China landed a rover on Tuesday, according to state media, showing further signs of its daring ambition in the sphere.
Launching the rover was part of the Tiananmen-2 unmanned mission In July last year Tianwen means “question to heaven” and was named after a poem by the Chinese poet Ko Yuan.
The mission was described by Chinese media as a “new major milestone” and “the first step in exploring the Chinese planet in the solar system.” US Mill Successfully landed on the red planet.
The Global Times reported that the lander and rover of the Tianwen-1 probe reached a plain called Utopia Planitia on Tuesday, citing data from the Chinese National Aerospace Administration early Saturday local time.
The Tianwan-1 probe lander and rover separated from orbit around 4 a.m., after which the plane took off three hours before entering the atmosphere on Tuesday, the newspaper reported.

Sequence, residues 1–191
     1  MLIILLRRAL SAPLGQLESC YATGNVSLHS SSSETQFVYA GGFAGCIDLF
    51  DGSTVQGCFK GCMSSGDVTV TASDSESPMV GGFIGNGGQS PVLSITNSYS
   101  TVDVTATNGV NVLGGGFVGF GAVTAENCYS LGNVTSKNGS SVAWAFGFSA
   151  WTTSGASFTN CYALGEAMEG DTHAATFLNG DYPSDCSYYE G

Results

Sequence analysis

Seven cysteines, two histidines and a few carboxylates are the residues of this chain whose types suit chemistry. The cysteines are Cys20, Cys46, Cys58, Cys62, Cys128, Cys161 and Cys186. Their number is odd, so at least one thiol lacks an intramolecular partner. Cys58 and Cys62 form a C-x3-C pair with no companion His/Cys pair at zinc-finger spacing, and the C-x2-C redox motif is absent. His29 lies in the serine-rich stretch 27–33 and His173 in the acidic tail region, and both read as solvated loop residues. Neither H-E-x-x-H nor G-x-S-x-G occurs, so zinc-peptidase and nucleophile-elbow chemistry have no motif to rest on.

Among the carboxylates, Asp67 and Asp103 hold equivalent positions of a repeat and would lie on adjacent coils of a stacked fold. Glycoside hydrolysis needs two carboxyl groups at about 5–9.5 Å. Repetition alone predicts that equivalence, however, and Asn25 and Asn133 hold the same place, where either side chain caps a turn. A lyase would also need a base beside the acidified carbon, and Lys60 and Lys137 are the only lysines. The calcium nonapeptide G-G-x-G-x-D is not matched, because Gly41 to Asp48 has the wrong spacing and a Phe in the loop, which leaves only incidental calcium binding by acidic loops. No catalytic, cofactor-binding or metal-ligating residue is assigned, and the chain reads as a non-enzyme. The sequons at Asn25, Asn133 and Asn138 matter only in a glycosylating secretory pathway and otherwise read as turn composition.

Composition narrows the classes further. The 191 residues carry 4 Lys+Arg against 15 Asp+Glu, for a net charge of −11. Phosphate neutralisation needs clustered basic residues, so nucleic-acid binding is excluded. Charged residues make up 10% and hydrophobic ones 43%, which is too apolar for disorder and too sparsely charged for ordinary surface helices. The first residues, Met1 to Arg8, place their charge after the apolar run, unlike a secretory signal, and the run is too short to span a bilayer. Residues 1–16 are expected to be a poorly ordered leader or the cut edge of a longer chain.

The spacecraft then “spent about nine minutes hovering around to avoid obstacles and cushion before soft landing”. The rover is named after the Chinese god of fire, Zhurang, and it weighs 1.85 meters and weighs 240 kg. It is expected to cross the planet for about 92 days.
The probe was launched into space on July 23 from the Wenchang launch pad in Hainan province in the south of the country via the Long March rocket.
The landing on Mars is part of a broader part of China’s space program. The country’s engineers launched the first part of its permanent space center into Earth orbit late last month.
In 2018, China launched more ships into orbit than any other country for the first time.
The U.S. considers China’s efforts in space Strategically. “Beijing is working to match or exceed US capabilities in space, a position that Washington has reclaimed from the space leadership,” according to the annual threat assessment released by the U.S. director of intelligence.